The first sequel is “The Worst School Year Ever” which is more a series of vignettes on the Herdmann family than an actual plot. The stories are all linked by the class assignment to spend all year studying your classmates and then give them a compliment or two on the last day of school. So, we get to hear about the Herdmann’s trying to wash their cat at the laundromat, trying to find their way into the teacher’s lounge and carrying other such hijinx as you would expect if you’d read “Best Christmas Pagent.”

And while I enjoyed the stories, I found that it lacked something the first was missing. I think part of it is that Robinson is working hard to make these stories as timeless as possible, along the lines of “Best Christmas Pagent” and left me wondering just what era these stories were taking place. And while most of the stories are extremely funny, the thing there’s not really any redeeming qualities to the Herdmann family seen here as we got with “Last Christmas Pagent.”

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“Uglies” by Scott Westerfield

At an unspecificied time in the future everyone turning sixteen is given surgery to become “pretty.” Tally Youngblood is young woman, counting down the days to the procdure which despite being extremely intensive is considered worth it for a life of luxury and decadence among her peers. She’s waiting to be reunited with her best friend and enjoy the life of being pretty together.

That is until she meets Shay. The two bond over having lost all their friends to the surgery and waiting to join them. They sneak out of the city to the wasteland and Tally discovers that not only does Shay not consider herself “ugly” but she has no intention of having the surgerys. Instead she wants to run off with a mysterious boy named David to a secret group of insurgents who refuse to have the surgery. She invites Tally to come with her, but Tally refuses.

Shay runs away, leaving details on how Tally can find the group if she desires. On the day of her surgery, Tally is taken aside by Special Circumstances and told unless she finds Shay and betrays her to them, she (Tally) will be ugly for life. Tally agrees and sets out on her quest to find the rebels.

If that were all the story was, it might just be merely interesting. And though the story does follow a fairly predictable character arc for Tally (she finds the group, fits in better than Shay and decides to stay), the secret behind the surgery that Scott Westerfield reveals mid-way through the novel is far more fascinating. And it also goes a long way to explaining some of the behavoir by post-surgery characters in the novel.

Tally finds out that the surgery creates a specific kind of brain damage among all receipients. This twist explains why certain characters are so vapid and hedonistic in the story. Not only are the people being made to all be the same externally, they’re being made to think the same way, to no longer question anything and to live only for the pleasure of the moment. The process is reversible (theoretically) and all of these various storylines lead to one massive cliffhanger that had me curious to see where things go next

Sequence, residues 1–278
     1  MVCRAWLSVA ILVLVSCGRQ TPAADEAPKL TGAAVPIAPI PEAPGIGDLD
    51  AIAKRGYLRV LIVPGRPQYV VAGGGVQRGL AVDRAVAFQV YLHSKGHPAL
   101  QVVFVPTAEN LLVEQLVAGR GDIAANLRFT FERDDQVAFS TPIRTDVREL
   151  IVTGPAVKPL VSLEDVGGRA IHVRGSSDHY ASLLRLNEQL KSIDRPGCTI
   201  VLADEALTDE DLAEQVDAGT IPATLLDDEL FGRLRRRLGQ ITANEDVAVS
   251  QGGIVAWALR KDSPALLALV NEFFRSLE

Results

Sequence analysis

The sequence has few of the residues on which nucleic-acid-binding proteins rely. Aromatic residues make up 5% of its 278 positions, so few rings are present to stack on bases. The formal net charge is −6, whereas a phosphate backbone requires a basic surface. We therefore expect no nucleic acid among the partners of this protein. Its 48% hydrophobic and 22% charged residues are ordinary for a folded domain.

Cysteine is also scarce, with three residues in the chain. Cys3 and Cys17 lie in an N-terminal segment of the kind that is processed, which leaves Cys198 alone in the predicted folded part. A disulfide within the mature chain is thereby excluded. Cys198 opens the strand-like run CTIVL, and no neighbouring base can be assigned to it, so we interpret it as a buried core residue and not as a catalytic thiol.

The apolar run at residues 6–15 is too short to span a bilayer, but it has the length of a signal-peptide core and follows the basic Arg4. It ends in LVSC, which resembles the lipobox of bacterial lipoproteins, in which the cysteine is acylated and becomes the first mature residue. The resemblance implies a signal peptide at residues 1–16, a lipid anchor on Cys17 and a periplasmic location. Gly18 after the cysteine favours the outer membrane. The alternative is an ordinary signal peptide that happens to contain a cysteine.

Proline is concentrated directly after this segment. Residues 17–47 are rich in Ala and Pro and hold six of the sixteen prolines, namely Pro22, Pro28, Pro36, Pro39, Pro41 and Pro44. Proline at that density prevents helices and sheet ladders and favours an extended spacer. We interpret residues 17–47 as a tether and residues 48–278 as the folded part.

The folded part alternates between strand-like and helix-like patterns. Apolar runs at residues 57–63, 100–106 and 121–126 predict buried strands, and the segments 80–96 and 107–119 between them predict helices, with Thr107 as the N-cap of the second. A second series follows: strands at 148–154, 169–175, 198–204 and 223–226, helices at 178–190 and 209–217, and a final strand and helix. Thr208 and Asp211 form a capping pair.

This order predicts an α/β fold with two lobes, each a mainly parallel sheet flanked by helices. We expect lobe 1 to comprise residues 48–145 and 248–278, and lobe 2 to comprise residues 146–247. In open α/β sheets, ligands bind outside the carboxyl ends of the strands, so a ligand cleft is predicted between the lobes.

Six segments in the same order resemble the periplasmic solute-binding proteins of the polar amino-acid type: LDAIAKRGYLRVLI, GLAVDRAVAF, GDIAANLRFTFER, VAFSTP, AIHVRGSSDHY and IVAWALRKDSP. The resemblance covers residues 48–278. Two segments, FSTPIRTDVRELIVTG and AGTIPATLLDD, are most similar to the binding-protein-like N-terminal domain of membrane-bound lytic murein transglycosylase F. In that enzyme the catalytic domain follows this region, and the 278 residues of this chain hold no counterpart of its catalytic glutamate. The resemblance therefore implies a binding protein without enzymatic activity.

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Tuesday Thingers

This week’s question: -LibraryThing’s Recently Added feature: do you look at it? Do you use it for ideas? Is there something listed there now that looks interesting to you? What have you added to your LT library recently?
Being a book addict, this can be dangerous for me.  I seem to find a lot of new and interesting books in all facets of life and adding this….just adds to the problem.  But that’s OK becuase I love finding that new gem or hearing that an old favorite author has a new book coming out.   I haven’t added much to my LT lately.  I need to update it.  I tend to keep my GoodReads account more up to date than LT because I’ve found a bit more of a community over there….

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“No Time for Goodbye” by Linwood Barclay

After having a fight with her parents, fourteen year old Cynthia Bigge wakes up to find her entire family has mysterious vanished without a trace.  Twenty-five years later, the mystery of just what happened to them remains unsolved, leading Cynthia to agree to a segment on a popular reality show in the hopes of finding a few answers about the past that haunts her.

Following the show’s airing, a series of mysterious events begins to occur including a mysterious car following her daughter, a fedora just like her father’s showing up in the house and the suspicious death of a family member after talking to a private eye Cynthia hired to give her some closure. 

“No Time For Goodbye” has all the pieces that should make for a fun and entertaining thriller but is ultimately let down by its execution.  For one thing, the story is told from her husband’s point of view, allowing us little or not access into what Cynthia thinks or feels beyond the prologue establishing the events.  There are also a variety of red-herrings and poorly explored side avenues in the story that rob the momentum Lindwood Barclay is trying to create at critical points.

And that’s even before we get to the ending.  It’s a Hollywood thriller type of ending, with random bits coming together in unconvincing ways that strain crediblity and will leave you with a sour taste in your mouth once the last page is turned.  Yes, Cynthia gets some closure, but as a reader I was left wanting something more than what I got.